And I know a bunch about this topic because the missus here at Casa heydayDo has been heavily involved in pharmaceutical clinical research trials for 25+ years.
So I included the Thorne Research Meriva 500 since it did qualify as one of the best curcumin supplements, but I couldn’t buy it for myself given what I know (& don’t know) about the Meriva formula.
A turmeric plant (Curcuma longa) in bloom.
Curcumin & curcuminoid research
Curcumin & its bioactive curcuminoids now have a solid & growing body of positive research evidence, thanks to its impressive showing in clinical trials in several different therapeutic applications.
I’m sharing a only little bit of that here, but there is way more medical & nutrition information available on the benefits of curcuminoids than I’m covering in this article.
And what I am sharing is good, real good.
Put simply, when used with the correct doses of the correct ingredients, a curcumin-based supplement can improve the quality of life for someone in a few key disease-related areas.
Curcumin’s fitness benefits
This blog here on heydayDo.com is about my “fitness after 50” journey, and that journey centers mostly around my strength training and my nutrition choices.
So I’m most interested in the good things curcumin provides that help that journey along, specifically its:
Curcumin provides health benefits too
Beyond fitness benefits there are a number of other areas where the science research has demonstrated health improvements provided by curcumin / turmeric supplementation, and I will include a couple of those biggies too.
If you need some science reading material to help you doze off…😄
…the blue number links that follow the research study title open a separate tab to one of the clinical studies that has studied that particular curcumin benefit.
Curcumin is anti-inflammatory
Medical authorities consider chronic inflammation to be at the heart of many (most?) serious health problems found in our culture today, thanks to our diet & lifestyle.
Multiple studies have shown that curcumin can effectively fight inflammation of all kinds found in our bodies.
Here are the titles of a couple:
Anti-inflammatory properties of curcumin, a major constituent of Curcuma Longa: a review of preclinical and clinical research. (12)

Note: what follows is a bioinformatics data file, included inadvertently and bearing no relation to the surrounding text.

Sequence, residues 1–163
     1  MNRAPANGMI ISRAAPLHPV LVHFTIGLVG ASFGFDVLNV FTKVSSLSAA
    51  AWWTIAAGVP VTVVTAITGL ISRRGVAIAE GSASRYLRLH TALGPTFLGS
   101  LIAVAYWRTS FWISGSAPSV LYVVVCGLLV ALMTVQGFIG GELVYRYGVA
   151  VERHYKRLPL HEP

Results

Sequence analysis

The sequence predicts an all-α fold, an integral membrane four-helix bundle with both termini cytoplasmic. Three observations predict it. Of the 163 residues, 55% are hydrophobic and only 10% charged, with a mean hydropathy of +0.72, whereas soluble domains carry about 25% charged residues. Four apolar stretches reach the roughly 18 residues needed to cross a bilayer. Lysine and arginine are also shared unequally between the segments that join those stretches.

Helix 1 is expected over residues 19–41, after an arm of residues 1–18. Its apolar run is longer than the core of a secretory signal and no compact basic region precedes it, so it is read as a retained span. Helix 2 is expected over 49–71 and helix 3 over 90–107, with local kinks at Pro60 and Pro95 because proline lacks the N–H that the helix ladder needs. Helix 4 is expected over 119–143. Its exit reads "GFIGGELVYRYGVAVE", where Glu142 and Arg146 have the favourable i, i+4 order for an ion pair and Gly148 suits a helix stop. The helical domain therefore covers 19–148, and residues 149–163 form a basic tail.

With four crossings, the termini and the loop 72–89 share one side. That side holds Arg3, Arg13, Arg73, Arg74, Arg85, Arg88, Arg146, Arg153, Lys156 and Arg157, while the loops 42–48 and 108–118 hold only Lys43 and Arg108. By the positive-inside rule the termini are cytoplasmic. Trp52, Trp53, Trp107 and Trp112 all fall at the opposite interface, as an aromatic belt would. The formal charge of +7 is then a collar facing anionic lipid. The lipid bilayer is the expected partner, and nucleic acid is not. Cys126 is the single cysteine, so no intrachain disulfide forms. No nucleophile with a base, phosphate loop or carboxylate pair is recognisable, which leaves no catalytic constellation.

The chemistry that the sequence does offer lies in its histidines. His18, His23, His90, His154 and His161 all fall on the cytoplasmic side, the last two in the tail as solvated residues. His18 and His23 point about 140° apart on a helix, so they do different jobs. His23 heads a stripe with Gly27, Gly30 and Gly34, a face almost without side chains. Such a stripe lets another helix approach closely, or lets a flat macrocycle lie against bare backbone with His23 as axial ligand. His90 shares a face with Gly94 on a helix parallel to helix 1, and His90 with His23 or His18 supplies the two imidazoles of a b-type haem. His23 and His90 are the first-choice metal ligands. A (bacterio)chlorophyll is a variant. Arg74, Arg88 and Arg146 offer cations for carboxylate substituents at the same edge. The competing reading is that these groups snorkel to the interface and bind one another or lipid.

Nonsteroidal anti-inflammatory agents differ… (13)
Curcumin reduces arthritic pain
Arthritic joint pain can really get in the way of us older people who want or need to exercise, exercise we have to do to slow down our body’s aging process. (14)
Curcumin to the rescue again, as it has been demonstrated many times that curcumin supplementation can reduce arthritic issues:
A randomized, pilot study to assess the efficacy and safety of curcumin in patients with active rheumatoid arthritis. (15)
Product-evaluation registry of Meriva®… for the complementary management of osteoarthritis. (16)
Curcumin boosts your antioxidants
Oxidants here on planet Earth do one thing really well: they make things age & decay fast, whether it’s a car rusting, your face’s pretty looks, or your body tissue weakening.
As the old song says
“Time waits for no one, and it won’t wait for me.”
Antioxidant and anti-inflammatory properties of curcumin. (18)
On the antioxidant mechanism of curcumin. (19)
Curcumin boosts brain function hormones
It looks like it’s in the early stages of research, but I did find evidence of curcumin’s antioxidative & anti-inflammatory power having a positive effect on brain function.
One such application I came across was in the clinical research paper The effect of curcumin (turmeric) on Alzheimer’s disease: An overview. (20)
The study noted that Alzheimer’s is a neurodegenerative disease, and that curcumin has shown it
“improves the cognitive functions in patients with Alzheimer’s Disease”
by weaving its antioxidant magic.
Curcumin can help fight heart disease
According to the World Health Organization, for the last 15 years heart diseases are responsible for the most deaths in the world every year.
I bring that up as a lead-in to the research that’s been done with curcumin and its potential effect on heart disease.
The antioxidant & anti-inflammatory benefits curcumin provides have shown the ability to protect & improve certain heart functions. (21)
And a study of coronary bypass patients found that curcumin supplementation reduced the risk of heart attack by nearly 60%. (22)
Curcumin helps kill cancer cells
An old cliché to sarcastically describe some new gizmo was
“They say it does everything — it even kills cancer.”
…adding to the list of good things curcumin can do for us is a belief that it might have the potential** to kill certain types of cancer cells in humans.
Multiple clinical trials testing curcumin in this area found it had the ability to reduce “cancer growth, development and spread at the molecular level”. (23)
**potential – Most of the cancer studies thus far have used lab animals, not humans, so the jury is still out (for me anyway) until they demonstrate strong evidence on human cancer.
Here are a a couple of examples of curcumin’s success against cancer cells.
Phase IIa clinical trial of curcumin for the prevention of colorectal neoplasia. (24)
Curcumin and cancer: an “old-age” disease with an “age-old” solution. (25)
I hope that my review article on the best curcumin supplements is useful to you, and that the sections on understanding curcumin labels & the research results regarding the health benefits of curcuminoids is helpful too.
I wish you well on your fitness journey.